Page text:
Take for example; food scraps. The zero waste option is to have your own bokashi bin or worm farm. This put me in a headspin. As much as I like to think of myself as a conscious consumer, there is just no frickin way I could do either of these. But the reduced waste option that Anita suggests? A bit more do-able: bringing your food scraps to someone else’s compost bin. As directed by her book, I looked up my local compost bin and found one in my suburb. As someone who is committed to a plant-based diet, with the occasional cheat meal for social occasions, I have plenty of fodder for someone else’s fertiliser.
The other way that ‘A Zero Waste Life’ has changed my consumption is in my kitchen and bathroom. Anita offers several recipes in her book (including make up!) I’m slowly transitioning to zero waste. Once all of my current cleaning products run out, I am ready to use Anita’s easy-to-follow recipe to make an all-purpose cleaner! I’ve also replaced my sponges with a dish brush, which is made from natural fibres rather than plastic. I first used my friend Lynne’s dish brush when I stayed with her in Melbourne and was so amazed by how soft the bristles were, and more importantly, how effectively they cleaned her dishes!
***Lady Business*** The guys might want to avoid this paragraph because I’m about to talk about that time of month. Sanitary products are so bad for the environment. Reading Anita’s book has made me think about other things that weren’t covered in the book, but are important and relevant. I know the idea of a menstrual cup is divisive, but I’ve decided that once I’ve used up all of my sanitary products in my bathroom cupboard, I will give one a try. One of my favourite vegan & eco friendly websites is Flora & Fauna, which sells Lunette and OrganiCup. I’ve also recently bought some undies from modibodi, which sell both period- and pee-proof undies so that you spend less money on sanitary/continence pads. The other brand with great reviews is THINX, which may have a better shipping option depending on where you live in the world.
Lastly, I love Anita’s chapter ‘Vote with your Dollar’. We make a difference by supporting certain brands and shops – this is something I’ve always been passionate about. I try to support stores that align with my own values and sell ethically-produced items. I also try my best to support small local businesses. My mum and I have shopped at Harris Farm markets for nearly two decades now. They are a family-owned business with many values that I share. They sell organic produce, imperfect fruit, their stock follows what is abundant with the seasons, they are plastic-free, and support local farmers. However…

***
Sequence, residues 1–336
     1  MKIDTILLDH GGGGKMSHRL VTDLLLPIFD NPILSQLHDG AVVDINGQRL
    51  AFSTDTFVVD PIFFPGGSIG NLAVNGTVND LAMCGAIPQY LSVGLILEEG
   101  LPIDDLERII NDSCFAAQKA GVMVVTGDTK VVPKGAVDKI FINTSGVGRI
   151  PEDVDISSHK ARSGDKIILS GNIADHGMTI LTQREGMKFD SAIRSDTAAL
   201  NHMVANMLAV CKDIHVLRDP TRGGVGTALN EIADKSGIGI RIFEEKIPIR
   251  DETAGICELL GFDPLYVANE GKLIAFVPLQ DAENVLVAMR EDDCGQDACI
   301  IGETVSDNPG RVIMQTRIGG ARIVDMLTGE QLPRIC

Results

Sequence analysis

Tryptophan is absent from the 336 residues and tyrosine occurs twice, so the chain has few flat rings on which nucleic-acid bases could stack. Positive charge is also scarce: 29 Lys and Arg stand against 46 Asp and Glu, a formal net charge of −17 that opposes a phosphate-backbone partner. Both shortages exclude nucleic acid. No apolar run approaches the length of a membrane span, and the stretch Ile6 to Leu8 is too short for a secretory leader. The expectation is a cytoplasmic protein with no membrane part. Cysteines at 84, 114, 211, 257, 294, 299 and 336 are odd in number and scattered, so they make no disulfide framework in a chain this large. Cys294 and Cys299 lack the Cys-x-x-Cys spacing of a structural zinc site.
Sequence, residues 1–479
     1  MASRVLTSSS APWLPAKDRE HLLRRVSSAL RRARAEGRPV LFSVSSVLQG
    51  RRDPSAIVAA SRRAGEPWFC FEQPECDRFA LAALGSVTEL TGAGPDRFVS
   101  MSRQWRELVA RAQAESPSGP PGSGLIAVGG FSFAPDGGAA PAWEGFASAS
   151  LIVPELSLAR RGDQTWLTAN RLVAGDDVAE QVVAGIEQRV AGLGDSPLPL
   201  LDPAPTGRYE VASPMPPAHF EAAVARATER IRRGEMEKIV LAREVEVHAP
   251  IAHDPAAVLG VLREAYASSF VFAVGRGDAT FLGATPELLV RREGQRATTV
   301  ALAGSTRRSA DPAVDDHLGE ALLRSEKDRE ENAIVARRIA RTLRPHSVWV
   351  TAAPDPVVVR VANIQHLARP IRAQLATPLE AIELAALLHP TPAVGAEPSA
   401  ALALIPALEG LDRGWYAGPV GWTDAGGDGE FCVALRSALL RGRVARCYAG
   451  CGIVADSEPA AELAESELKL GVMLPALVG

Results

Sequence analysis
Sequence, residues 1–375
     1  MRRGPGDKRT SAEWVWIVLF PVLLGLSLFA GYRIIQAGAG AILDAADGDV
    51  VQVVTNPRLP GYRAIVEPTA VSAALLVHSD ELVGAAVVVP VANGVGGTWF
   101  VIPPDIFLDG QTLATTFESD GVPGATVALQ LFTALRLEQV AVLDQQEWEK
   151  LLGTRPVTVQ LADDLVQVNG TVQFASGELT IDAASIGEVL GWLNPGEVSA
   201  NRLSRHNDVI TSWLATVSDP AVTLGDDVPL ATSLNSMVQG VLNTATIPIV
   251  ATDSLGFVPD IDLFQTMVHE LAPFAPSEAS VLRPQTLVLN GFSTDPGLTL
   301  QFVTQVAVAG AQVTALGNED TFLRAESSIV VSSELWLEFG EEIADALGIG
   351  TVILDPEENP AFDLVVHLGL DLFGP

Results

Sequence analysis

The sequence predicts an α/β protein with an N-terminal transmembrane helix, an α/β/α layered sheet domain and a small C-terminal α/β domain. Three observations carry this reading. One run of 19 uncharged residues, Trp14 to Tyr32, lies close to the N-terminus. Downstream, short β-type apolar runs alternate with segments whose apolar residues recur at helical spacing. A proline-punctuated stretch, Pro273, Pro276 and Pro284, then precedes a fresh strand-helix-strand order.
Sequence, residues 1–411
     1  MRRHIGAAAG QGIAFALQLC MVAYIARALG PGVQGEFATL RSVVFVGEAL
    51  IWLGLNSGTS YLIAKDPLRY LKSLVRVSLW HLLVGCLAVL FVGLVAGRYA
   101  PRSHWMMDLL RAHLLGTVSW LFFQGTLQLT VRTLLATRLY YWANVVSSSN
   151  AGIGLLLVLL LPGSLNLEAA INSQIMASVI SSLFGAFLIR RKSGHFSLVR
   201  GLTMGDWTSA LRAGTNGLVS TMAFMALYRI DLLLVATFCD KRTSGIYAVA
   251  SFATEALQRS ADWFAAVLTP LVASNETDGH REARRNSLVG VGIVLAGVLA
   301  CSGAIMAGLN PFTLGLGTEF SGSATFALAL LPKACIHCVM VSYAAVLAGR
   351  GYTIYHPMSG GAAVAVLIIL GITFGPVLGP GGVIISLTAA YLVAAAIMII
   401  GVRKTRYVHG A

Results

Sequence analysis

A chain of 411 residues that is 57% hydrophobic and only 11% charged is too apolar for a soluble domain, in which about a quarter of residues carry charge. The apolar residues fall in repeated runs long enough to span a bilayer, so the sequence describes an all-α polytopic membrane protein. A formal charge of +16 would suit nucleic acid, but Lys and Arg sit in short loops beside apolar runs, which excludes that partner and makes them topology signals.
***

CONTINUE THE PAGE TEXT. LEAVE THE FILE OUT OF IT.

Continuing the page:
I have grown more astute with age, and I pay attention to Every. Single. Detail. on a webpage. As I scrolled down their website, I noticed a section called “Our Partners”. I clicked on each of them to see who Harris Farm considers a ‘partner’, and I was disappointed to see that ShowPo – a fast-fashion brand – was included on their list. I realise that this ‘partnership’ is probably to help them out commercially, rather than an ethical partnership, but when you put a brand on your website, you are essentially endorsing it by providing advertising.
I therefore urge you to be a critical thinker when it comes to your consuming habits. A lot of brands will market themselves as environmentally friendly, and whatever else makes them sound all green and planet-loving, but do take your time to research each company that you buy from. Are they really what they say they are? Who owns the company? What are their side hustles? Who do they partner with? What about their packaging? There are a lot of things that are invisible to the consumer upon first glance, but probe a little deeper and be an even more conscious consumer.
I am not going to get all preachy about how you should live your life, but if you do have an interest in transitioning to a life of less waste, I strongly recommend “A Zero Waste Life” by Anita Vandyke. It is well-organised and therefore easy to read, wonderfully written, and it has a no frills practical approach.